Network resiliency and availability – understanding and optimizing

Network resiliency and availability are two important factors to take into account when designing a production network. In this post, i’ll go over some of the ways to measure these, the different stages of convergence and how to optimize each one of them.

Network availability vs resiliency, so what is the difference?

Network availability is how often the network is up and working. This is usually expressed in a percentage or with a number of “9’s”; “5 9’s” meaning 99.999% up-time.

Some common network availability terms that you might see:

Screenshot from 2017-12-24 16-20-16.png

Network resiliency on the other hand, is how long the network works without breaking. Usually equipment vendors will express this in time or as MTTF (Mean Time To Failure). For example a vendor might say that a specific type of router will be resilient up to 4 years or have a MTTF of 4 years.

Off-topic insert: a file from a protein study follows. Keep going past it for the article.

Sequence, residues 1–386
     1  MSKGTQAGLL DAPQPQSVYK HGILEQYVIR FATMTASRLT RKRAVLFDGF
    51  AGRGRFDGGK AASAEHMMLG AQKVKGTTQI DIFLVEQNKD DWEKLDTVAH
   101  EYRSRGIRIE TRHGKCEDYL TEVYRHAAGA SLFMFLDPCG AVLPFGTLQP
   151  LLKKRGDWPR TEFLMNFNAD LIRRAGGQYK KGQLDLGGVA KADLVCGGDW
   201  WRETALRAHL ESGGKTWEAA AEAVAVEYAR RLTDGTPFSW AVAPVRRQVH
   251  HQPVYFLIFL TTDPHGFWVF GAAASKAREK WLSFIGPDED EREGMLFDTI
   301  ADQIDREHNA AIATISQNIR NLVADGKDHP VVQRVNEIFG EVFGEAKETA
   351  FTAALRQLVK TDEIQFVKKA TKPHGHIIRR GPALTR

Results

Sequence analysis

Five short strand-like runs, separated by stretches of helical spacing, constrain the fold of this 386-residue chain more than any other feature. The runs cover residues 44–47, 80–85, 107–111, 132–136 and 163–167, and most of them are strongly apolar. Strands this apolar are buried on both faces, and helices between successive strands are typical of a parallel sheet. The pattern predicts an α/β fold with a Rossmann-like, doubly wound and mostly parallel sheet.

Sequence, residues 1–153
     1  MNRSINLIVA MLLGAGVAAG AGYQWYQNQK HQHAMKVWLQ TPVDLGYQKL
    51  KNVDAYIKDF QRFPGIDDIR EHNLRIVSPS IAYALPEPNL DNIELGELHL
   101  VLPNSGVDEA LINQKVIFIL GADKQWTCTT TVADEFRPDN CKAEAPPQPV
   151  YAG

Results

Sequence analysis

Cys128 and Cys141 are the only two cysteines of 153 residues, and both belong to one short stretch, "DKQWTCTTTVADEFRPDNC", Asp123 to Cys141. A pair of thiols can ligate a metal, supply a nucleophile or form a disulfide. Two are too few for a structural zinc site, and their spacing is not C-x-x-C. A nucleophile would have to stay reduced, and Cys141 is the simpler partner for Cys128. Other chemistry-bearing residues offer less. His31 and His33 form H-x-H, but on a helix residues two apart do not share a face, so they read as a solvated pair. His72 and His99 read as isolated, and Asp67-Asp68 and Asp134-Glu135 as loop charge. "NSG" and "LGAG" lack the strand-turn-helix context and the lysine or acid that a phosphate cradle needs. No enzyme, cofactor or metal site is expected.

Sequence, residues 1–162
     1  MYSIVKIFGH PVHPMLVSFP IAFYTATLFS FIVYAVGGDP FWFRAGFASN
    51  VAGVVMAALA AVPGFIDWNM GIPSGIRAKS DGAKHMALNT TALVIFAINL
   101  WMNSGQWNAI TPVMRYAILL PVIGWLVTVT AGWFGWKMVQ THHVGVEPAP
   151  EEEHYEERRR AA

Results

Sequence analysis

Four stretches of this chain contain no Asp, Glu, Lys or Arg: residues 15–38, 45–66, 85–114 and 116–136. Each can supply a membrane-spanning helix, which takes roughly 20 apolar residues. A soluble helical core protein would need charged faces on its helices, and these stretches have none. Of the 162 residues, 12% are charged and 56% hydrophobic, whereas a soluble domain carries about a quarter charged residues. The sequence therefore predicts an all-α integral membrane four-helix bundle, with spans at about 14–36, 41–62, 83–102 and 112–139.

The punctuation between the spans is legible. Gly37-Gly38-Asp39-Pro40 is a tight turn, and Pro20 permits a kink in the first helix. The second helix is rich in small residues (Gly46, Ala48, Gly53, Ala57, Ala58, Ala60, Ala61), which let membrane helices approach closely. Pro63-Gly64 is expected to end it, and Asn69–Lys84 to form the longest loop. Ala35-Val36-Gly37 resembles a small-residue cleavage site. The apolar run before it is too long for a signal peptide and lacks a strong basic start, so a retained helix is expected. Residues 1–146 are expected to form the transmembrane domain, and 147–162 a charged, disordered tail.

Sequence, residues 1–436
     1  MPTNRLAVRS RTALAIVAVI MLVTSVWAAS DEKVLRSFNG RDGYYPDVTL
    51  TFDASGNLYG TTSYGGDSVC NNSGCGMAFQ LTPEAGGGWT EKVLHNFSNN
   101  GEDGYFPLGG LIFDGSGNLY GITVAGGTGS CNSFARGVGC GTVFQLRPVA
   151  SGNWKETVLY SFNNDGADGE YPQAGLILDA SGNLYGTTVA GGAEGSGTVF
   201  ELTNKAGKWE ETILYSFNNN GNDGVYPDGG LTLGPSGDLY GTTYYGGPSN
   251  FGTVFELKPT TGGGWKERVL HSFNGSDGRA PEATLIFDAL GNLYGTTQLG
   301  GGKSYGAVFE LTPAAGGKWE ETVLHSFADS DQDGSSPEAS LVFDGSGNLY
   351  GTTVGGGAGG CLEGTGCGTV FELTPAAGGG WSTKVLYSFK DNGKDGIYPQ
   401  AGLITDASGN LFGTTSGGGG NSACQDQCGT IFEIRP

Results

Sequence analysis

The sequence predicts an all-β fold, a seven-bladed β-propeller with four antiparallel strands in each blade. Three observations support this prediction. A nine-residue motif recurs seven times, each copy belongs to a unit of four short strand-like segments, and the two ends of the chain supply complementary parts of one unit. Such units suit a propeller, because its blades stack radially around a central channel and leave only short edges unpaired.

These two concepts together bring us to what you should really be focusing on: Mean Time To Repair (MTTR). Network MTTR is a straightforward number – it’s the time between when your last network outage happened and when the next service interruption will start. This gives us the average time that the network will take to recover from a failure.

Good, so now we know how to express availability and resiliency but how do we measure a network outage?

When a network outage happens and traffic needs to be rerouted on a backup path, 4 steps needs to occur and be measured in order to determine the overall convergence time:

  1. Detection – How long does it take to discover that there was a failure?
  2. Announcement – How long does it take to report back that there was a failure (spread the information)?
  3. Calculation – How long does it take to calculate a new path?
  4. Install – How long does it take to install this new path in the FIB/RIB?

These four steps added together give us the time it takes for a network to converge after a failure. As a network designer, we want to make sure that we optimize each of these steps. Let’s take a look at the tools available to us for each stage: